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MRA Report: What’s Hot



Is Kale done yet? How about cauliflower? Bacon everywhere? Successful chefs and restaurateurs do well to keep a bead on what’s hot and what’s not. Are you keeping up with the national trends and what your customers want to experience? 

To find out, you can turn to the National Restaurant Association’s, What’s Hot Culinary Forecast, excerpted here. 

Each year, the annual survey asks chefs to identify food and beverage trends for the coming year. Chefs ranked 140 items—from all-day breakfast to zero-waste cooking—as “hot,” “yesterday’s news” or “perennial favorite.” The resulting What’s Hot Culinary Forecast predicts the food, beverages and culinary themes that will be the talk of 2019.

Nearly 77 percent of chefs surveyed ranked cannabis/CBD-infused drinks as the No. 1 trend for 2019. About 76 percent tapped cannabis/CBD-infused food as the second most popular. Chefs who participated in the survey said infusing foods with the ingredients could create unique cuisine opportunities and potential new markets for experiential dining occasions.

“The Association’s 2019 What’s Hot report reflects contemporary consumer cravings in tandem with emerging societal dining trends,” says Hudson Riehle, senior vice president of research for the National Restaurant Association. “We’re seeing a more eco-friendly perspective and greater emphasis on global flavors/cuisines as well as enhanced availability of healthful items/children’s meals and the exploration of new food sourcing options.”  

The survey indicates that Americans crave foods that not only nourish them but also help sustain the planet. Plant-based and veggie-centric foods are no longer just for vegetarians. In fact, three of the 15 hottest items are plant-based sausages/burgers, veggie-centric/vegetable forward cuisine and plant-based proteins. Hyper-local sourcing, including restaurants that grow produce in their own gardens, also made the Top 10 list.

TOP TRENDS FOR 2019

Cannabis/CBD oil-infused drinks

Cannabis/CBD oil-infused food

Zero-waste cooking

Globally inspired breakfast dishes

Global flavors in kids’ meals

Hyper-local

New cuts of meat

Veggie-centric/vegetable-forward cuisine

Chef-driven fast-casual concepts

Craft/artisan/locally produced spirits

 

TOP TRENDS FOR 2019

Cannabis/CBD oil-infused drinks

Cannabis/CBD oil-infused food

Zero-waste cooking

Globally inspired breakfast dishes

Global flavors in kids’ meals

Hyper-local

New cuts of meat

Veggie-centric/vegetable-forward cuisine

Chef-driven fast-casual concepts

Craft/artisan/locally produced spirits

 

TOP CONCEPT TRENDS

Restaurant Concepts

Chef-driven fast casual concepts 

Pop-up temporary restaurants 

Commissaries (e.g. shared commercial kitchen space)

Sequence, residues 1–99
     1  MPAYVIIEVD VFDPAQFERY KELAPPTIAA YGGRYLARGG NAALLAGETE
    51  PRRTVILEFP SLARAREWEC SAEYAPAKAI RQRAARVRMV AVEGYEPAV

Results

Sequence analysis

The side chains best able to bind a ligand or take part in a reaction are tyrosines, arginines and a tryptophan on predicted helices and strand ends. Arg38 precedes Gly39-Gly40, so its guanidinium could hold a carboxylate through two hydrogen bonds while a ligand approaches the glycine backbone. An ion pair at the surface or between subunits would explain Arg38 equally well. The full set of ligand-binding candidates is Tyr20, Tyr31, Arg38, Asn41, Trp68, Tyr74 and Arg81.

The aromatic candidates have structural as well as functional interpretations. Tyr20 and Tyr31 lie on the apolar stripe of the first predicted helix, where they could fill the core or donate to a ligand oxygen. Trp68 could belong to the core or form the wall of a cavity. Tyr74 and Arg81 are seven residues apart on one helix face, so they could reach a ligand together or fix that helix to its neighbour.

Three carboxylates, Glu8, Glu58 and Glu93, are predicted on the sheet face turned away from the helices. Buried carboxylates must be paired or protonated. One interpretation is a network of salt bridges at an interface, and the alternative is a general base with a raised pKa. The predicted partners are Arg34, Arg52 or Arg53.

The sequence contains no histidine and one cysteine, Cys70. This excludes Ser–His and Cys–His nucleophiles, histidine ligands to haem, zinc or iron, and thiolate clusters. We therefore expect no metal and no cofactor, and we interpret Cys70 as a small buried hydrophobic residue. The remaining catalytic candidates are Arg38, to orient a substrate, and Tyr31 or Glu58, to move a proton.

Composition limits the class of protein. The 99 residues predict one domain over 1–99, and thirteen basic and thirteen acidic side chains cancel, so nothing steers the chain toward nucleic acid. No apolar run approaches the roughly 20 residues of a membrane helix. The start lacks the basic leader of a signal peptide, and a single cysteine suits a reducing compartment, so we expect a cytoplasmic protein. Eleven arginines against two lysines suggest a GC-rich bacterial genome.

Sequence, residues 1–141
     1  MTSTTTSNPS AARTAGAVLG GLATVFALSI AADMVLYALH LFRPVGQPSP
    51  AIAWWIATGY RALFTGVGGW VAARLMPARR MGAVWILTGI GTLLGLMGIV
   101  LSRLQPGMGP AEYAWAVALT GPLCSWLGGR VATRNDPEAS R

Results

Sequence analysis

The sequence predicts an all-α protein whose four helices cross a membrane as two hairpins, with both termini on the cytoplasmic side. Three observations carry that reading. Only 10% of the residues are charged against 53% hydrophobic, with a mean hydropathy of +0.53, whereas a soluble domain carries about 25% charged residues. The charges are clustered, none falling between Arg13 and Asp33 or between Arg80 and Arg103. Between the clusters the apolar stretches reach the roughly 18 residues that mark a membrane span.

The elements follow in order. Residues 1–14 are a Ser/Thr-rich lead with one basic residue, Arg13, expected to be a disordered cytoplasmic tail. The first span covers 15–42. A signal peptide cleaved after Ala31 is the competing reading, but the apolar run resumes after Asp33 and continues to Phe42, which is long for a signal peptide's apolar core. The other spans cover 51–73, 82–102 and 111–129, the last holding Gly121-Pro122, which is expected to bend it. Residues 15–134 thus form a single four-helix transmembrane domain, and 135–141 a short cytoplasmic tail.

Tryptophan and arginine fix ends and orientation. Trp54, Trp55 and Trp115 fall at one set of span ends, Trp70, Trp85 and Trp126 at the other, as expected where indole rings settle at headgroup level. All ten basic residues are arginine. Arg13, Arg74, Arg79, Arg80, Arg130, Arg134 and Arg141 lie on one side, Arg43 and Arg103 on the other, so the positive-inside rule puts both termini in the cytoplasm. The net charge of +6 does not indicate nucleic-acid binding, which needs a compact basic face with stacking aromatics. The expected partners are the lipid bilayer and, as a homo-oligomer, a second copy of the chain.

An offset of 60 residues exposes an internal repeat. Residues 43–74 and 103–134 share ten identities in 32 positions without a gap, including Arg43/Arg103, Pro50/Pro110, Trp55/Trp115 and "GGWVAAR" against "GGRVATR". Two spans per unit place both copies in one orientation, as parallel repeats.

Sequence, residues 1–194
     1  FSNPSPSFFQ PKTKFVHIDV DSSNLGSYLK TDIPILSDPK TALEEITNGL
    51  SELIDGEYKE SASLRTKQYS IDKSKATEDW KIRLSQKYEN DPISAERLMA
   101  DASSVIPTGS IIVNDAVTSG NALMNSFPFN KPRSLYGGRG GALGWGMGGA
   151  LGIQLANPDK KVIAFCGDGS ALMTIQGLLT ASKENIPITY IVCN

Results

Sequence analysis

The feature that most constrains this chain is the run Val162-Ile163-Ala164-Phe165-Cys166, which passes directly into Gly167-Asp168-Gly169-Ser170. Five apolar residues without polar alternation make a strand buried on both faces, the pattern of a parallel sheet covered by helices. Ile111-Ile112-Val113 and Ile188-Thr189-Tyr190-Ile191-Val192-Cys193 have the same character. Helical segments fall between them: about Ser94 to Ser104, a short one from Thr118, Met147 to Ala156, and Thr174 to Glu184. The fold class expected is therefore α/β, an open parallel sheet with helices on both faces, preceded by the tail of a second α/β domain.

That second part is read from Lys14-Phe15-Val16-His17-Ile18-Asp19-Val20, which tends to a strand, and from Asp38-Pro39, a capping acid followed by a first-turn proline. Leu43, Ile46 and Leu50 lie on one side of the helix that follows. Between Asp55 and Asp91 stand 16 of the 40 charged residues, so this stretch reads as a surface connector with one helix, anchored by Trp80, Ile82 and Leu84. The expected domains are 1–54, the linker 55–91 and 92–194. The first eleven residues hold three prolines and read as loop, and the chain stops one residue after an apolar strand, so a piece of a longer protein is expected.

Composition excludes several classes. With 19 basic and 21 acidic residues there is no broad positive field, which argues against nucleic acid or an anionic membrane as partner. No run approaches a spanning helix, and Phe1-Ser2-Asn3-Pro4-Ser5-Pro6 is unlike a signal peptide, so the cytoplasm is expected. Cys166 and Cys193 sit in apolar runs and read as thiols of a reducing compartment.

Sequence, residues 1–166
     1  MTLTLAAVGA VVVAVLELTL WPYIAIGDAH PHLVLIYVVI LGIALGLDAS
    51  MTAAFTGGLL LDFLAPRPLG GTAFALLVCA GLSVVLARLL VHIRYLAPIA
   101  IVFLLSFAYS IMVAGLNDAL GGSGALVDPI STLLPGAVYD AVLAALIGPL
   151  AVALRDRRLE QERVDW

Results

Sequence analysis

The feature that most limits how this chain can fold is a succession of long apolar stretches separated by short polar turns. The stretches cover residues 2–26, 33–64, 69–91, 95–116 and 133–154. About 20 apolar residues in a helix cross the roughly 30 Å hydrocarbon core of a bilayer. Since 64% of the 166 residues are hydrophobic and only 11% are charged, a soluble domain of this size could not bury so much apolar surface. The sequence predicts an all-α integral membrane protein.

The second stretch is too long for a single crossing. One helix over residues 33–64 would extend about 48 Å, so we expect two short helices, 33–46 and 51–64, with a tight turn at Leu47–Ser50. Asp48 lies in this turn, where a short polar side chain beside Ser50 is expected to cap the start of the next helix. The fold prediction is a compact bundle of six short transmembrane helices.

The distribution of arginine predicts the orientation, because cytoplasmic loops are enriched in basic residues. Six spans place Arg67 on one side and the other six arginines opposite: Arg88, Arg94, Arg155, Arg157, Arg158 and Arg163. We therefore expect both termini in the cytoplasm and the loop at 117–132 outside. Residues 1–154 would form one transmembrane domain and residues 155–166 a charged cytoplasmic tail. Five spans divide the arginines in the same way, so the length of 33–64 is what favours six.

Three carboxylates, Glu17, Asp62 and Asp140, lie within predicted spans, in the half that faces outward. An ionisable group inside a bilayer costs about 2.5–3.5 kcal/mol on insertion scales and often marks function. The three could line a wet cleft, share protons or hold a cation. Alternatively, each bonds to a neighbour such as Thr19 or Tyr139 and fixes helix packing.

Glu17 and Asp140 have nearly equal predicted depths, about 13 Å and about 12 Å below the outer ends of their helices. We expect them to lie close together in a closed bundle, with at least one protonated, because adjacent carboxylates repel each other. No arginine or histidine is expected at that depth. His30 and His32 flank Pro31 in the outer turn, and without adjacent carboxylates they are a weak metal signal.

Small-plate menus/ restaurant concepts 

Food halls

Culinary Concepts

Cannabis/ CBD-infused food 

Zero-waste cooking (elevated cuisine using food scraps)

Hyper-local (e.g. restaurant gardens, house-made items) 

Veggie-centric/ vegetable-forward cuisine 

Natural ingredients/clean menus.

 

Zero-waste cooking, which transforms food scraps, damaged produce and leftovers into culinary delights, ranks third on the list of overall trends for 2019 and second in the culinary concepts category. Chefs are taking a second look at items they trashed in the past — using coffee grounds to flavor homemade ice cream and showcasing cabbage butts in crowd-pleasing stir-fries. 

Global flavors also ranked high, with the trend heating up from last year. Globally inspired breakfast dishes claimed the fourth spot on the survey, followed by global flavors in kids’ meals. 

In category after category, global flavors shine brightly. The Israeli soda gazoz ranks second in the non-alcoholic beverage category. Thai-rolled ice cream placed first among sweets. 

African cuisines, condiments and spices trended across several categories, including items that originated in North, West and East Africa (Ethiopia). Chefs identified North African cuisine (think tajine and fuul) as today’s “hottest” global flavor. 

Cuts of meat, such as shoulder tender, oyster steak or the Merlot cut, cooled some after nabbing the top spot for the past two years. As for “yesterday’s news,” chefs ranked overnight oats, anise-flavored cocktails and pretzels in desserts as trends that have come and gone.

So what’s on your menu this year? The Minnesota Restaurant Association (MRA) can help you stay ahead of the curve. When you join the MRA, you also become a member of the National Restaurant Association, offering an exceptional opportunity to stay informed and connect with other like-minded professionals. To learn more, give us a call or visit us at www.mnrestaurant.org. We are here to help you succeed.

 

Credits: The National Restaurant Association works with the American Culinary Federation for its annual chefs’ survey of menu trends for the coming year. 


Liz Rammer is the president & CEO of Hospitality Minnesota, which includes The Minnesota Restaurant, Lodging and Resort & Campground Associations.

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